I have always really been interested in just one thing: death. Nothing else. I became a human being when, at the age of ten, I saw my grandfather dead, whom at that time I probably loved more than anyone else.
It is only since that I have been a poet, an artist, a thinker. The vast difference which divides the living from the dead, the silence of death, made me realise that I had to do something. I began to write poetry. […] For me, the only thing I have to say, however small an object I am able to grasp, is that I am dying. I have nothing but disdain for those writers who also have something else to say: about social problems, the relationship between men and women, the struggle between races, etc., etc. It sickens my stomach to think of their narrow-mindedness. What superficial work they do, poor things, and how proud they are of it.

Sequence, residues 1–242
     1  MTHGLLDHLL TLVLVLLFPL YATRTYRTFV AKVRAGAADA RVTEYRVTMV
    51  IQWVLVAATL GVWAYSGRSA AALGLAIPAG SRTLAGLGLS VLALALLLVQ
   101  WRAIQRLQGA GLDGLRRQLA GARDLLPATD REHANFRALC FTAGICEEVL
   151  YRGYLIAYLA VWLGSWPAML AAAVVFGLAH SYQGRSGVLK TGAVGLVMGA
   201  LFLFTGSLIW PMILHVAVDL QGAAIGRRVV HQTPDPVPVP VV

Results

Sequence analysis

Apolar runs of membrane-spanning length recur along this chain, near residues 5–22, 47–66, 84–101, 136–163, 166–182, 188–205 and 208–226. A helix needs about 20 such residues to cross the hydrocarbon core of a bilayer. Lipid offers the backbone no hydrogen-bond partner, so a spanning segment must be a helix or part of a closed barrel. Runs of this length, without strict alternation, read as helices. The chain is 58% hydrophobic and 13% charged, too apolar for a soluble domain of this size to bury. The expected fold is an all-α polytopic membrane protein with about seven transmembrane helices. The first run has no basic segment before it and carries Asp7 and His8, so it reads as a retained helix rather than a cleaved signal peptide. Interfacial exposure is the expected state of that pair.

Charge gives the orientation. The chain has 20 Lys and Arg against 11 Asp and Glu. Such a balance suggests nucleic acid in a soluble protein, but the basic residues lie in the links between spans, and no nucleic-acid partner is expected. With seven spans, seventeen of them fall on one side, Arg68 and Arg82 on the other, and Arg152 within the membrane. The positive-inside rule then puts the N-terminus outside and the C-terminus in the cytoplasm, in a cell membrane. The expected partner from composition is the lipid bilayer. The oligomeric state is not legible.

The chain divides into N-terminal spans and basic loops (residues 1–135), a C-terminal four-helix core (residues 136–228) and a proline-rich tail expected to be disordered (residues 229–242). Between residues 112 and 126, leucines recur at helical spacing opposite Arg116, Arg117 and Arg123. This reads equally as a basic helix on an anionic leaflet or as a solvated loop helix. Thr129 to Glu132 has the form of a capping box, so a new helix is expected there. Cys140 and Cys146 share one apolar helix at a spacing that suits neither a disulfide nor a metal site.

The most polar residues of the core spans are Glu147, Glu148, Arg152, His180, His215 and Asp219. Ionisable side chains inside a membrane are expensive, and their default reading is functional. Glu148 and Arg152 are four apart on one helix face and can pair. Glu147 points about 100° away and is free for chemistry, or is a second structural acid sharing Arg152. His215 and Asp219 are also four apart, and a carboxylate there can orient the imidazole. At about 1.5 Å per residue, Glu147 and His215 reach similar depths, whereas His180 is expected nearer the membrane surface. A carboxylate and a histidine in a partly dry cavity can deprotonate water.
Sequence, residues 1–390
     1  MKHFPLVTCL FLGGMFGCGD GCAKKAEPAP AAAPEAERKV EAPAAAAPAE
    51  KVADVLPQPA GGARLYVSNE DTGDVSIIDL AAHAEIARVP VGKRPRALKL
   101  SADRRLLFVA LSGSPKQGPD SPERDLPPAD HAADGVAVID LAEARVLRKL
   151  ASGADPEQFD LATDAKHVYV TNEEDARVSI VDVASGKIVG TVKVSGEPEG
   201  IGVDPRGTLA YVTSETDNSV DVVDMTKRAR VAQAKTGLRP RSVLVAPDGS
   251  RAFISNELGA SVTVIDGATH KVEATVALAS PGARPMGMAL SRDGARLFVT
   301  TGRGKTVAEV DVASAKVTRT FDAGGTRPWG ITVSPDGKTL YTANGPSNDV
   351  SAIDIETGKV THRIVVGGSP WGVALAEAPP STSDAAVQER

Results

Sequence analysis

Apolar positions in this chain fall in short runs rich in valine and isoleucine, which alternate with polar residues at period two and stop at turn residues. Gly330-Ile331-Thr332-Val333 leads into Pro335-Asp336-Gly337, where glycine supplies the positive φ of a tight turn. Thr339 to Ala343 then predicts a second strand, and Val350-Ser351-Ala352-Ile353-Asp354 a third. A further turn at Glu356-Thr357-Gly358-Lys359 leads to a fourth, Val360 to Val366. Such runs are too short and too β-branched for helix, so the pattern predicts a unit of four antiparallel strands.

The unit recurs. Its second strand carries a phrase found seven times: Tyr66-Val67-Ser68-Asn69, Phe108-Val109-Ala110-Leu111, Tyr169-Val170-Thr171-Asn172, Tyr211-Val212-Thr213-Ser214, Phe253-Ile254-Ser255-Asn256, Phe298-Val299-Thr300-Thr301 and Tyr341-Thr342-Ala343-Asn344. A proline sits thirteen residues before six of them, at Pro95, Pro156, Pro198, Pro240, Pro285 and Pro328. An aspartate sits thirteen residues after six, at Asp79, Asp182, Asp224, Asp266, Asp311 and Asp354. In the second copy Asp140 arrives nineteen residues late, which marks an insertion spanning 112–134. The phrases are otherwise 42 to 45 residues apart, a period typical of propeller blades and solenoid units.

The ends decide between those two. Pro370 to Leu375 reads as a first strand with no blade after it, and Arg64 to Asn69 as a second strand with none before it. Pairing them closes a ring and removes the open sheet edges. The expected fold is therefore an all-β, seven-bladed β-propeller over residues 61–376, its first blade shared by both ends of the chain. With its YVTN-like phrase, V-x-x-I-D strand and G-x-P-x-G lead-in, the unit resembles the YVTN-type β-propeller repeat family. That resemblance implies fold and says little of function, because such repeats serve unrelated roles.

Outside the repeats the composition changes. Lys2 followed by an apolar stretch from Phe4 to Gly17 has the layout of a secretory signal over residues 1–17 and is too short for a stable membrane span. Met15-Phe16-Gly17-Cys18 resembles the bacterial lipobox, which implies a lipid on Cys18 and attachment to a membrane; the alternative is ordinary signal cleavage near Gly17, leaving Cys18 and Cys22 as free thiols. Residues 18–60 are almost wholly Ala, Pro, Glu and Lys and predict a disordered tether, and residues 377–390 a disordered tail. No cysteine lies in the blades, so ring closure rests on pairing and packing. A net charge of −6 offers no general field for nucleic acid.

Hungarian Poet and Writer (1885-1936)